Careful research that elucidates how behavior relates to design in the context of elementary school grounds can serve to guide cost-efficient design with the goal of encouraging physical activity (PA). This work explores patterns in children’s PA behavior within playground spaces with the specific goal of guiding healthy playground design.
Data on children’s utilization and PA behavior in 6 playgrounds divided into 106 observation zones were collected in 2005 and 2006 at Denver elementary school playgrounds using the System for Observing Play and Leisure Activity in Youth. Analyses of variance and t tests determined whether there were differences in utilization and behavior patterns across observations zones and between genders.
This study provides evidence that children prefer to use certain types of playground zones and that they are more likely to practice moderate-to-vigorous physical activity (MVPA) in some zones. The authors observed statistically significant differences between genders. Boys were more likely to engage in MVPA in zones without equipment, girls were more likely to use zones with equipment.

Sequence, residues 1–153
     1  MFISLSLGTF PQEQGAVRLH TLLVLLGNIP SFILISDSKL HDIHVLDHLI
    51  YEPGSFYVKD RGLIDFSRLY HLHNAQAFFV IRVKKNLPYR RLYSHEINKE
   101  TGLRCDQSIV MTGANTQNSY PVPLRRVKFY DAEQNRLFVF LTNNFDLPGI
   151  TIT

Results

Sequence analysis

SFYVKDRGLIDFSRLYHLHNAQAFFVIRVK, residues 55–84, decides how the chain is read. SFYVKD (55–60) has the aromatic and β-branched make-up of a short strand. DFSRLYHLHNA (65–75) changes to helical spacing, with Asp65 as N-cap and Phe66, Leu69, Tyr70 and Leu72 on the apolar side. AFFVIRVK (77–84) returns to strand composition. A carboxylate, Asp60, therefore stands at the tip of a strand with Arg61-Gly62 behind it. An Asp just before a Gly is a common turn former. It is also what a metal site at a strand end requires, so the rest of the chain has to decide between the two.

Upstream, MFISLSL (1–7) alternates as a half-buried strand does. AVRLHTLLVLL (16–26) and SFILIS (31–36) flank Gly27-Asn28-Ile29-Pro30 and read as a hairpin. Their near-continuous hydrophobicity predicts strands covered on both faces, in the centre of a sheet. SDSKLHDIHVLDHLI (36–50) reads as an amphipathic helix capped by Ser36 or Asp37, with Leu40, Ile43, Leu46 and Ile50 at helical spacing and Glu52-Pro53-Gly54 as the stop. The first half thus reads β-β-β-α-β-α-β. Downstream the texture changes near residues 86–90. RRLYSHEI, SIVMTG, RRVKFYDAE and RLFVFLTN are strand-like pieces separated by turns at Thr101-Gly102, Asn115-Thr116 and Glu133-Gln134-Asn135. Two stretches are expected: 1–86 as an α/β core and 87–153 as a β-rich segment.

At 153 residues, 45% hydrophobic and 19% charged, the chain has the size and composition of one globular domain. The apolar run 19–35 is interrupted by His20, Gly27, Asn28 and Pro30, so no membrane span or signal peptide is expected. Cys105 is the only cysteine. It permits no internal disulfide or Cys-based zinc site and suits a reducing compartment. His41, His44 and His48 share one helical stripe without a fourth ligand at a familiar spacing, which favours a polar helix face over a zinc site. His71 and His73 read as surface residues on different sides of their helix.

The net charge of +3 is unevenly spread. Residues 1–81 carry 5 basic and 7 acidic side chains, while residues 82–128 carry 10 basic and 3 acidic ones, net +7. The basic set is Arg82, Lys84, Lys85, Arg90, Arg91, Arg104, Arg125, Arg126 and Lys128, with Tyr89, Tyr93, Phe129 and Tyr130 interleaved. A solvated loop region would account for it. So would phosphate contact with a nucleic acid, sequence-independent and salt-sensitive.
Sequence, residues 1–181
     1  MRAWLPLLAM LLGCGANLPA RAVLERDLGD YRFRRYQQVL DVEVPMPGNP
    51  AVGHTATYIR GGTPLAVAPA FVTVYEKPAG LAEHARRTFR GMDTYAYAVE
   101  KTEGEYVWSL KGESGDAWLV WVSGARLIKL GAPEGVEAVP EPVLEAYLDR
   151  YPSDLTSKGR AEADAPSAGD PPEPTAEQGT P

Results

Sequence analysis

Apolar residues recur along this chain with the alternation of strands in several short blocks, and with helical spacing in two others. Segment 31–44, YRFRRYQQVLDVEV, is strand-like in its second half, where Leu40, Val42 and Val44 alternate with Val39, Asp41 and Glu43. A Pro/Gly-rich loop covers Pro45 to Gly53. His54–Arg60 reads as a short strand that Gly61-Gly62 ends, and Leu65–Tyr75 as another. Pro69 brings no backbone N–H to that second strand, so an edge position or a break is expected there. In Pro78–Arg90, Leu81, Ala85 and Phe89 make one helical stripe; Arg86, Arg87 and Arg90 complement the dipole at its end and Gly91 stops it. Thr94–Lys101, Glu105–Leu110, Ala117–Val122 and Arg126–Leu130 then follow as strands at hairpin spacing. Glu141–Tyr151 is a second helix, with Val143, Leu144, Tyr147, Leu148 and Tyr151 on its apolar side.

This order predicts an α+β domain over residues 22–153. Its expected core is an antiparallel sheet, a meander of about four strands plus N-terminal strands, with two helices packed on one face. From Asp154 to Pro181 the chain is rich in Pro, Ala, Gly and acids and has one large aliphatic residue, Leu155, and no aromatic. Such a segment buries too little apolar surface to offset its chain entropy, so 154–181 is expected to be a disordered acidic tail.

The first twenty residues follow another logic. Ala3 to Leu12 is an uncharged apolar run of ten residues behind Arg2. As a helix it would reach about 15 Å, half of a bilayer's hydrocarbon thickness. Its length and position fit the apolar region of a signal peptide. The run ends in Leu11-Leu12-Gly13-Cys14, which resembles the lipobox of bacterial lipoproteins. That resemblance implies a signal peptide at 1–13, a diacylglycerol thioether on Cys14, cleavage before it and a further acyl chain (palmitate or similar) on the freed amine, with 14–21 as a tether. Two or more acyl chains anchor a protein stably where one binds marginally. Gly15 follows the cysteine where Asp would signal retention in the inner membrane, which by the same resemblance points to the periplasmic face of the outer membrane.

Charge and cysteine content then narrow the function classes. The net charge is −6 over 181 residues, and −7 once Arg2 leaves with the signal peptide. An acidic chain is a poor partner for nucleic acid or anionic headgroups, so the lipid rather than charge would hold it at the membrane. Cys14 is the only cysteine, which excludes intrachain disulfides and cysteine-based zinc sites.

This work suggests that the inclusion or omission of specific playground features may have an impact on the way that children use the spaces.
Anthamatten is with the Dept of Geography and Environmental Sciences, University of Colorado, Denver, CO. Brink is with the Colorado Center for Community Development, College of Architecture and Planning, University of Colorado, Denver, CO. Kingston and Kutchman are with the Institute of Behavioral Science, Center for the Study and Prevention of Violence, University of Colorado, Denver, CO. Lampe is with the Colorado Association of Local Public Health Officials, Denver, CO. Nigg is with the Dept of Public Health Sciences, John A. Burns School of Medicine, University of Hawaii at Manoa, Honolulu, HI.